The voters of the U.S. are about to choose new leadership for the world's most important nation at a time when we are beset with wars, economic failures and confoundedly complicated social issues. Every Sunday, more than 4 million Americans tune in to Meet the Press seeking help in trying to understand the issues and the candidates. They choose that program because Tim Russert is among the most astute, discerning and relentless pursuers of truth in the nation, and has been for years.
Most candidates are not eager to present themselves to Tim's incisive scrutiny, which is fed by his prodigious study and preparation. But they have little choice: appearing on Meet the Press today is as vital to a serious candidate as being properly registered to vote.
Tim's influence can be measured by the size of his audience; the fact that his employer, NBC, reaps enormous monetary rewards from his popularity; and the long list of honors he has received from professional and academic institutions as one of America's most respected journalists and news analysts. His extraordinary success is more than enough to make him respected, but he adds to that a genuineness as a human being that makes him as easy to like as he is to admire. The 57-year-old son of a hardworking sanitation worker in Buffalo, N.Y. a middle-class, polyglot, multiethnic community where people work hard, go to church or synagogue, love a good meal and a good ball game even more he was reverential regarding his father, whom he has made famous with his best-selling book Big Russ and Me. And he was as devoted to his wife of almost 25 years, Maureen Orth, a Vanity Fair journalist and author, as he was to his 22-year-old son Luke, providing Luke with the same kind of profound love that was given to Tim by his dad.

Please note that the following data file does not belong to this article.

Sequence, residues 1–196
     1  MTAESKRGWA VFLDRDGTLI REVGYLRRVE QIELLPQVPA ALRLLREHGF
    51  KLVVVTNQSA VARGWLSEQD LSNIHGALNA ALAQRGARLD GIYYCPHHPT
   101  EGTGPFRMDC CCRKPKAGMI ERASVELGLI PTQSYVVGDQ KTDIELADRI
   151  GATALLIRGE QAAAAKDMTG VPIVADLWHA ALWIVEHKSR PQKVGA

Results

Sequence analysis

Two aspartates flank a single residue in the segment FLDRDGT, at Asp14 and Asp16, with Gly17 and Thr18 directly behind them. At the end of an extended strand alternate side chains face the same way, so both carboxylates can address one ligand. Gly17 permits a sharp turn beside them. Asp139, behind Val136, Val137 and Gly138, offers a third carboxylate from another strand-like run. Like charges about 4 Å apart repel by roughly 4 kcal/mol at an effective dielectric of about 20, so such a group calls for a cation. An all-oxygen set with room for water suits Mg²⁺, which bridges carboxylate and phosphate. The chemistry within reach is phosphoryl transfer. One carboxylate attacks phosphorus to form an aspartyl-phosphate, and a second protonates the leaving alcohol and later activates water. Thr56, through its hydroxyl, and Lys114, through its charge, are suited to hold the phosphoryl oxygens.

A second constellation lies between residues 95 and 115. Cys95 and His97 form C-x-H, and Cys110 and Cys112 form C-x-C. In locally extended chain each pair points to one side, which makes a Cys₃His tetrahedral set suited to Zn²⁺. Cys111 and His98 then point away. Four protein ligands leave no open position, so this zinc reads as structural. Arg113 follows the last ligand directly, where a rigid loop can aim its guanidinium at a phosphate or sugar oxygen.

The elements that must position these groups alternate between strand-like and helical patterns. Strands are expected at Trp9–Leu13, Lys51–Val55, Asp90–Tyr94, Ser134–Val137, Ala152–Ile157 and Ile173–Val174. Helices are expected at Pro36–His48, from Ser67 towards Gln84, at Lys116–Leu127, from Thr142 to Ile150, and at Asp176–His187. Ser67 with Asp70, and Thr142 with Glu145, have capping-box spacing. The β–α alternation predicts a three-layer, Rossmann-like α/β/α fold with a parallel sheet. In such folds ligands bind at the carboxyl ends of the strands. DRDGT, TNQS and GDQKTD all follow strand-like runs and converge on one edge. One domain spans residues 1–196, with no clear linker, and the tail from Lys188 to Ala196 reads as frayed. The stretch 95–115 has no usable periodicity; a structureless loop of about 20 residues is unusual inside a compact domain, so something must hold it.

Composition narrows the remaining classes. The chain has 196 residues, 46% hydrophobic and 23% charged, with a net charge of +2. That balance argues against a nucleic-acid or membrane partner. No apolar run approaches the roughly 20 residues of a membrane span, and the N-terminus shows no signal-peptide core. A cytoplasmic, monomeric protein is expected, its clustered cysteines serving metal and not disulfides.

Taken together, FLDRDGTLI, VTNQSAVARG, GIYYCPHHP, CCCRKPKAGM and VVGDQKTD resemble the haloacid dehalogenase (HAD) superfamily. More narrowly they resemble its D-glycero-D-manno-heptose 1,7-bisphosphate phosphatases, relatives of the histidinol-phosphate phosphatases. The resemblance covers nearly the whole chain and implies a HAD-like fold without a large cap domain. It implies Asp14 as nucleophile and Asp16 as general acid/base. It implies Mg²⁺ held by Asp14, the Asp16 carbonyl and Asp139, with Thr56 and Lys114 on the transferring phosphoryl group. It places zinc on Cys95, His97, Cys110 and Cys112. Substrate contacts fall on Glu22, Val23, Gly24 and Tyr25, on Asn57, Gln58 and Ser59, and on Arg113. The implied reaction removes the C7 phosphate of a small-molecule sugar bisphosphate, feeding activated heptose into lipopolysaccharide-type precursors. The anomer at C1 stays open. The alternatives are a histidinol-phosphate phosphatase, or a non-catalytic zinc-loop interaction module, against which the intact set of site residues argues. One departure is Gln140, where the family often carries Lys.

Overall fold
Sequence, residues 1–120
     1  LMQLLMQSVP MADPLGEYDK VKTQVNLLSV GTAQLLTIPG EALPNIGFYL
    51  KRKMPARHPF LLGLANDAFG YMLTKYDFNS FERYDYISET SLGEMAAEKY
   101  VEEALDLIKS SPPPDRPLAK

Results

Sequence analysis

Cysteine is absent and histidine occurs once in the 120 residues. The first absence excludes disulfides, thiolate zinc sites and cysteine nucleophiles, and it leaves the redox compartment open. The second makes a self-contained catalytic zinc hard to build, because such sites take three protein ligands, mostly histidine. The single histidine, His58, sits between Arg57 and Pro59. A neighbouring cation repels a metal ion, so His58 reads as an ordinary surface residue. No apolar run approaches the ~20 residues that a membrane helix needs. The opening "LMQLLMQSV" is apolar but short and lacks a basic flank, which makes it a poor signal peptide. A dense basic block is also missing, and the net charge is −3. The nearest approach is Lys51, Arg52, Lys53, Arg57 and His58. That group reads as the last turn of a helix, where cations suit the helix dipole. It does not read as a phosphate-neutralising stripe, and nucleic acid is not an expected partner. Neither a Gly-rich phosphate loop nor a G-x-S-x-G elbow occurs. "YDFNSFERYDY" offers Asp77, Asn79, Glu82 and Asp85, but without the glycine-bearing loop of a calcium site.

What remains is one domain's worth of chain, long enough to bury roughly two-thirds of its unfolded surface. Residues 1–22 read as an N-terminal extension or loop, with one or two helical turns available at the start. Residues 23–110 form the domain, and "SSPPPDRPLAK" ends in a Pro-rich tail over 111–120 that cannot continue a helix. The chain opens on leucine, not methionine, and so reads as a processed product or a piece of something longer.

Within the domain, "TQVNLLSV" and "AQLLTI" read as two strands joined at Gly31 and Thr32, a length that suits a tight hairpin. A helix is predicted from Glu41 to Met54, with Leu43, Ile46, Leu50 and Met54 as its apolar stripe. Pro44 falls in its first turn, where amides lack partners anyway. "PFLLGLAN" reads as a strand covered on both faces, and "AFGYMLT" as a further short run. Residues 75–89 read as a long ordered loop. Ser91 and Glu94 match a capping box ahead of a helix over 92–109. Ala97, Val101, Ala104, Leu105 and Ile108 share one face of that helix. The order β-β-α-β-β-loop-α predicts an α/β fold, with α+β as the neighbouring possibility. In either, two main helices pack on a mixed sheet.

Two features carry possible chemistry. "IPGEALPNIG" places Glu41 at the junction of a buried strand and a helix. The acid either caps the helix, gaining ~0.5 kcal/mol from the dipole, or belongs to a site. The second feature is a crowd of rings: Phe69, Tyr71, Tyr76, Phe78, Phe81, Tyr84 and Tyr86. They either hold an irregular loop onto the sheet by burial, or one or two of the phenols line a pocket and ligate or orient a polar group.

Tim never forgot where he came from. He never let us forget either, and we love it!
Cuomo is a three-term governor of New York
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